This Valentine's Day, why not leave the pre-fab cards on the rack and buy a blank one instead? You can customize your own declaration of love on an open canvas. The possibilities are endless, and it will take only marginally more effort to compose your own Valentine than to buy one ready-made. Here are some tips for your do-it-yourself Valentine.
We don't see it much these days, but chivalry still matters, especially in the beginning stages of a relationship. It's always nice if a man opens the door for his date, offers his jacket on a chilly night, pulls out her chair, picks up the tab, and walks his date to the door and gives her a gentle kiss on the cheek (with no other expectations).
I have a secret weapon now. I have 30. It may have had a bad wrap in the past, but 30 has equipped me with the wisdom to spot these men from a mile away and tune them out. Another person's bad behaviour is never my fault and 30 has taught me that, preparing me to live like the glorious woman that I am.
As a single, I am going to have fun on Valentine's Day by going out and celebrating the day on my own. Visiting with friends and family, and perhaps getting a little pampered on this special day. If you're in a relationship and would like some tips on how to make your Valentine's day special, here you go.
2014 may have been the year of the nipple (#FreeTheNipple), but 2015 is definitely the year of the bush (#PubeGame). Pubic hair is so popular right now, it's vogue. From mild to moderate tuffs, harbouring tiny strands of love in between your legs has been all the rage so far this year and it has no intention of slowing down.
A recent article in the NY Times titled "To Fall in Love With Anyone, Do This," has made a bit of splash on FB and other social media. Anyone at all interested in "love" seems to know about, or be talking about, these 36 questions designed to create "interpersonal closeness." But there are no questions about sex.
Allow your children time to grieve and remain open to ongoing conversations after the big announcement. If your children are asking you questions, this is positive. Encourage further conversations and be open to their questions, thoughts, and feelings. You may want to consider setting up a time for the children to talk with a therapist at some point.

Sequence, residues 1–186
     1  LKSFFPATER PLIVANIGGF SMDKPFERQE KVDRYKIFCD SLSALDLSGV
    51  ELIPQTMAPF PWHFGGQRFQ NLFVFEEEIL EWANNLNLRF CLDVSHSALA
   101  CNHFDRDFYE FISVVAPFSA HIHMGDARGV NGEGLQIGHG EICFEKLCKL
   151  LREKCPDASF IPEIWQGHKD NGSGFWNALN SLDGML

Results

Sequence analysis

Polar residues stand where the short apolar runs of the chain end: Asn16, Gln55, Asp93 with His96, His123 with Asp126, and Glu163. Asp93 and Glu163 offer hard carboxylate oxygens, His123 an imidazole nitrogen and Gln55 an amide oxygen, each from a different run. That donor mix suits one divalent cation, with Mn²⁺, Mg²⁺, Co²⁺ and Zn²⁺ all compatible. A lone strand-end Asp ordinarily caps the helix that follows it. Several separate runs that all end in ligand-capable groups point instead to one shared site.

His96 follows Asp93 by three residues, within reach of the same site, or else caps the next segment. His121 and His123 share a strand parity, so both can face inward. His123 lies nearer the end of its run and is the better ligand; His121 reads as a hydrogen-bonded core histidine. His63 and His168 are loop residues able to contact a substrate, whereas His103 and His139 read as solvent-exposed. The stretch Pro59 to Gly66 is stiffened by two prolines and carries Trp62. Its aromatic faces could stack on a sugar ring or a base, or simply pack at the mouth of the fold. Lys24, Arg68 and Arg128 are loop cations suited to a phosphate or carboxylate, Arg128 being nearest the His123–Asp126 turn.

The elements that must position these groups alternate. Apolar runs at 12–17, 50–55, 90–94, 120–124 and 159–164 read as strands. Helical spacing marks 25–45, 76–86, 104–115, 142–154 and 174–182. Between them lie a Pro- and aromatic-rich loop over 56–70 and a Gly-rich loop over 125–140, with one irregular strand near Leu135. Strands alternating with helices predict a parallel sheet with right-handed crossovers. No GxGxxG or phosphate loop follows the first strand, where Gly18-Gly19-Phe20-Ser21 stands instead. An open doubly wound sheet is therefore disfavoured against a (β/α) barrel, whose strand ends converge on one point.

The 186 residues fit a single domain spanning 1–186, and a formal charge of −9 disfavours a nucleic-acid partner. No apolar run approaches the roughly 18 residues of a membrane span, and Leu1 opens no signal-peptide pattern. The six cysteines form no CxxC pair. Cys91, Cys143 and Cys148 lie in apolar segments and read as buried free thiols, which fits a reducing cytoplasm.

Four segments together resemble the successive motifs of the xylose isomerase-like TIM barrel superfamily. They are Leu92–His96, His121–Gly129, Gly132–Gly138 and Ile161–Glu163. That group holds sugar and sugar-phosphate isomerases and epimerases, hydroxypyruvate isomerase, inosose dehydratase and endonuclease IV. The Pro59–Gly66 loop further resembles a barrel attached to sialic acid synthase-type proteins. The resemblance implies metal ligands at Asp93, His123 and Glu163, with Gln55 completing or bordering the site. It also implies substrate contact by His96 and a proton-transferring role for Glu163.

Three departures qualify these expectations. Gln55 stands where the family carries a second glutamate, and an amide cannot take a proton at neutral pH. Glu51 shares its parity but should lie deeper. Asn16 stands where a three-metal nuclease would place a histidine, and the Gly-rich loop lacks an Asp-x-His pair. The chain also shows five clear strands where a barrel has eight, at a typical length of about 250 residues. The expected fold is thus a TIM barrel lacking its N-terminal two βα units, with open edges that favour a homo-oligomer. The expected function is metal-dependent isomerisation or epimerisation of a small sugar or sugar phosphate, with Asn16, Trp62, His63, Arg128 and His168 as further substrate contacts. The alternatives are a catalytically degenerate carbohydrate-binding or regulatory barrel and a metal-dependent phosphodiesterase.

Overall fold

Find ways to honour those you miss. Look at old photos and tell stories of any loved ones you have lost. Honour the expectations that you may have had for relationships, life and even your vision of the season, as they are a part of our story. Let a lost loved one remain alive in you, and be an active part of your experience.
Four and a half minutes after I read that a grand jury decided not to indict officer Darren Wilson, I sent a text to my sister in North Carolina. "You need to get my baby out of that f*&&ing racist place called the U.S. south!" 'My baby' being my one-year-old precious baby nephew. I fear that we are running out of time. I know with certainty that death can creep upon black boys lives in an instant.
How does passion turn into pal-ship? Perhaps the very nature of sharing space with someone can breed too much familiarity. It's easy to get comfortable, even sloppy, when we live with each other day in and day out. What message does it send when I leave our house looking polished and revert immediately to comfy cellmate attire when I come home?
Once we become aware of the fact that what we believe about ourselves is being revealed by the quality of our relationships, we may begin to openly and honestly question our beliefs, along with the experiences we appoint them. This in turn eliminates our limiting beliefs and makes room for the empowering beliefs that not only serve us, but also takes us in the direction that we want to go.
Tonight as I watched the poetry that is The Hundred-Foot Journey, a part of me broke open. As I explained to my aunt and my mom when we came home after the film - sharing such a beautiful story of acceptance of our magnificent Indian culture, in the setting of the often ethnocentrically perceived nation of France, is indicative of the hope and pockets of beauty embedded within profound change and transition.
Often spoken with absolute authority, "I disagree" places itself firmly in opposition to the other. It carves an opinion in granite, hinting that further discussion is irrelevant. In personal relationships, these two words can instantly zap the life out of open communication. The opposite of "I disagree" is exploratory dialogue. Open discussion may create more connection.
We rely on the expression around the eyes with our partners to connect. It tells us if they are feeling safe or happy or worried or threatened. Without this cue we don't know how to respond. We see this in children with autism who have flat muscle tone around the eyes; not only are we unable to understand their social engagement cues, but they are not able to understand ours either.